'During this Session, the Lords of the Cabinet, and Others, met every Saturday, at the Treasurer's, in order to carry on the Queen's Business, as they had done the Year before on Thursdays. Many Offers were made, and repeated by the Treasurer, in order to attack former Offenders, and quiet the Minds of the Gentlemen, and of the Church Party; and the only Reason for this Failing, was, because of the Project laid for their new Scheme, and putting themselves at the Head, as they call'd it, of the Church Party.
'The Treasurer saw this Opportunity, and immediately took it, and prevailed with Sir Thomas Hanmer, and others, to come into the Payment of the Civil-List Debts, incurr'd before the Change of the Treasury, though the present Treasurer was rail'd at, and malign'd; which he chose to bear patiently, rather than own the true Reason, that there was no Money to do it with, which would have ruin'd all at once.
'The Peace with France being over, and it growing necessary to put her Majesty's Affairs into a further and more settled Regulation, and to ease the Treasurer of the Burden, as well as Envy, of such a Bulk of Business; her Majesty was pleased to approve of the Scheme of the Duke of Ormond's staying here to attend the Army Affairs, which was necessary at the time of Disbanding; Duke Shrewsbury to go to Ireland, upon his Return from France; Lord Finlater to be Chancellor of Scotland; Lord Mar third Secretary; Lord Dartmouth Privy-Seal, and Mr. Bromley Secretary of State, and Sir William Wyndham Chancellor of the Exchequer. I am sure the Queen very well remembers the Rage this caus'd, as perfectly defeating their Scheme, and shewing that her Majesty would put her Affairs upon a solid Foot; the Lord Chancellor said it was against Law, and to this Day will not treat Lord Finlater with Decency; and Lord Mar has met with many ill Treatments as well as Mr. Secretary Bromley.
'But that the Treasurer might leave them without Excuse, and make her Majesty's Affairs, if possible, easy with and to those in her Service; as soon as he was recovered enough to write, he wrote a large Letter to the Lord Bolingbroke, containing his Scheme of the Queen's Affairs and what was necessary for Lord Bolingbroke to do, as belonging only to his Province. This Letter was dated July the 25th 1713, and was answer'd July 27th, by Lord Bolingbroke; the Copy was shown to Lady Masham, who came to visit the Treasurer then confin'd to his Chamber; and she then thought it was a very good one, and what was proper for the Occasion. I believe the whole would be of Use to give Light to Her Majesty into the Ground and Foundation of the Follies and Madness which have since appear'd: And the whole is ready for her Majesty's Perusal when she pleases.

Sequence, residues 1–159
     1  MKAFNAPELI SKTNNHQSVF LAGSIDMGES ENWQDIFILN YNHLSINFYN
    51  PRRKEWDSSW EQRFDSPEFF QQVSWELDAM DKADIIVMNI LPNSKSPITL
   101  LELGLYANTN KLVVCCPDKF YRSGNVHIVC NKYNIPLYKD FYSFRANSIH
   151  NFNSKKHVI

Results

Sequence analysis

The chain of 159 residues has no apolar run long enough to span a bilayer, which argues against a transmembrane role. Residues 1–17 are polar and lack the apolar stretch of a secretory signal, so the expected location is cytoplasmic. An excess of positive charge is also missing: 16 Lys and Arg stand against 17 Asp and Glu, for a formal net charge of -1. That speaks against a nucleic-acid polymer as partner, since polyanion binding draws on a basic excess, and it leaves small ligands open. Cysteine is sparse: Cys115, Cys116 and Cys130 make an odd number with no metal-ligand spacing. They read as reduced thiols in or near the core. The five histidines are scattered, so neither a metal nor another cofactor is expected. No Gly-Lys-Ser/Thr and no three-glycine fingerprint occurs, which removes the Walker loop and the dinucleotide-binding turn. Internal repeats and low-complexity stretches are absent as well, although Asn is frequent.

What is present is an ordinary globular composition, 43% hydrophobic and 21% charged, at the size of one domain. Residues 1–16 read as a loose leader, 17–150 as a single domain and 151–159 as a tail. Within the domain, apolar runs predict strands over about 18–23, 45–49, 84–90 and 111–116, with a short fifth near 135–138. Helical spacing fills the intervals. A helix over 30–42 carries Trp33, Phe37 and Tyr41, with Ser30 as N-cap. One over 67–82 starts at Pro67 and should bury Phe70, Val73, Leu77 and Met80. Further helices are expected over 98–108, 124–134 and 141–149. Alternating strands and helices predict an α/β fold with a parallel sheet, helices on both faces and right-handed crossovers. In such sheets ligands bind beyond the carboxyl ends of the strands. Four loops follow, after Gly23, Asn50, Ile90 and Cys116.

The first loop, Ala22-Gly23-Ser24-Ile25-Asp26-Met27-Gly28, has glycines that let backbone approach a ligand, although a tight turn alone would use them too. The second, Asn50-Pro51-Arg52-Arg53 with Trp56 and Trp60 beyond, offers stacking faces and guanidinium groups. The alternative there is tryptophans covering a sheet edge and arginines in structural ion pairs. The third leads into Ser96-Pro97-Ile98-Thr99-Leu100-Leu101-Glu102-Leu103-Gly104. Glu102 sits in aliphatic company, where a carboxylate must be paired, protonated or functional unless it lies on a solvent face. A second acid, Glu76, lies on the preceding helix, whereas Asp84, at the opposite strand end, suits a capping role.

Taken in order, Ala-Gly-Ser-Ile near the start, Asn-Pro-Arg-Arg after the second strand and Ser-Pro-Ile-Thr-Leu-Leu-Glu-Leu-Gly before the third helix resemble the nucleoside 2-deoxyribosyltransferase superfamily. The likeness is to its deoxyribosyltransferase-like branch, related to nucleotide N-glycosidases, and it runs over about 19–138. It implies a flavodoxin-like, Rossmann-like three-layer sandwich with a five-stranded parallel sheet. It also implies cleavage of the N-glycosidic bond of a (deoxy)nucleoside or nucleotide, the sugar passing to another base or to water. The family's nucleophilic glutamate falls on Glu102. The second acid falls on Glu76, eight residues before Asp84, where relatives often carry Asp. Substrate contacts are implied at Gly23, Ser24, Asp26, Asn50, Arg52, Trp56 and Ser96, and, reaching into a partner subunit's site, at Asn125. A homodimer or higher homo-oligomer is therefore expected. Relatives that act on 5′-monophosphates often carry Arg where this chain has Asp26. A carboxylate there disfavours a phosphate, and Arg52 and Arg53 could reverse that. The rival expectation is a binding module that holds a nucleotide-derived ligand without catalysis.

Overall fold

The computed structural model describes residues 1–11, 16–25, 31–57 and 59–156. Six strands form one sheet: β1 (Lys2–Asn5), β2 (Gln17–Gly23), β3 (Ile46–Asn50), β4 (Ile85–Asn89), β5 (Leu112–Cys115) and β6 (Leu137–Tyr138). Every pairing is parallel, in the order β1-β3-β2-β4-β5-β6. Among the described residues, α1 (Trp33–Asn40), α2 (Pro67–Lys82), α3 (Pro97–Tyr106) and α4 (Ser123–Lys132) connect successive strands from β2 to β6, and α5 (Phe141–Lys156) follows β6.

'In this Letter the Treasurer gives an Account to Lord Bolingbroke of the Occasions, or rather the Pretences for giving Disturbance to the Queen's Servants. He proposes the Remedy, and what was requisite to be done by him as Secretary to his own Province, and also Assurance of the Treasurer's Assistance to the utmost, and of his Desire to consult with him (Lord Bolingbroke) how to unite the rest of our Friends.
'Being then Sick, the Treasurer took the Liberty to put Lord Bolingbroke in mind of the several Particulars which then requir'd Dispatch, and were solely belonging to his Province, without any other Interposition than that of taking Your Majesty's Direction.
'In the same Letter, the Treasurer propos'd, that (according to the Treaty of Peace) Care should be taken of the following Particulars, viz. Newfoundland, Hudson's Bay, Acadia, St. Christophers, Assiento, and other Things contain'd in the Treaties of Commerce.
'These Particulars the Treasurer thought to have been executed, until within a few Weeks he heard the contrary by Accident, and that the Time in the several Treaties was elapsed. Upon this, the Treasurer, on Wednesday June 2, told Mr. Moore of this, and that every Body would be liable to Blame who are in the Queen's Service. Thursday June 3 1714, Lord Bolingbroke writes to the Treasurer a Letter, which begins thus:
The Lord Treasurer removed. The Queen dies.
Notwithstanding this Apology of the Treasurer, he was removed from his high Office, July 27. And on the First of August following, died that most accomplish'd Lady and excellent Princess, Queen Anne, in the 50th Year of her Age, and in the 13th of her Reign; who, having been left Husbandless, and Childless, was expos'd to the Persecutions of two designing Factions, whose too prevalent Artifices, not only troubled her Repose, but fully'd her Glory, and help'd to shorten her Days.